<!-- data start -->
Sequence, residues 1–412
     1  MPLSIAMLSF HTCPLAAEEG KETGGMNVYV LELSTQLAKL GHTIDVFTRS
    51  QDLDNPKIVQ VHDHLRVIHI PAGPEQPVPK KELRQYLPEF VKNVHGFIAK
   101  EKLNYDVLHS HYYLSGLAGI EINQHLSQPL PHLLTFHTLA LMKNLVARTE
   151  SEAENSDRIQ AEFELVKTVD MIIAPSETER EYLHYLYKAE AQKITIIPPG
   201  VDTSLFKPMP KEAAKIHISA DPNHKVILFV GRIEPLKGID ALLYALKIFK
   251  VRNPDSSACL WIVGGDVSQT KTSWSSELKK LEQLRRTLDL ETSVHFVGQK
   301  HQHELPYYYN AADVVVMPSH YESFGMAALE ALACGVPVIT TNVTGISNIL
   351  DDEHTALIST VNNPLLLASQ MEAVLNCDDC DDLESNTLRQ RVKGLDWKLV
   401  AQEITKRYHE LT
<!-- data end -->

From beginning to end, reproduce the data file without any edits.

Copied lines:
Sequence, residues 1–412
     1  MPLSIAMLSF HTCPLAAEEG KETGGMNVYV LELSTQLAKL GHTIDVFTRS
    51  QDLDNPKIVQ VHDHLRVIHI PAGPEQPVPK KELRQYLPEF VKNVHGFIAK
   101  EKLNYDVLHS HYYLSGLAGI EINQHLSQPL PHLLTFHTLA LMKNLVARTE
   151  SEAENSDRIQ AEFELVKTVD MIIAPSETER EYLHYLYKAE AQKITIIPPG
   201  VDTSLFKPMP KEAAKIHISA DPNHKVILFV GRIEPLKGID ALLYALKIFK
   251  VRNPDSSACL WIVGGDVSQT KTSWSSELKK LEQLRRTLDL ETSVHFVGQK
   301  HQHELPYYYN AADVVVMPSH YESFGMAALE ALACGVPVIT TNVTGISNIL
   351  DDEHTALIST VNNPLLLASQ MEAVLNCDDC DDLESNTLRQ RVKGLDWKLV
   401  AQEITKRYHE LT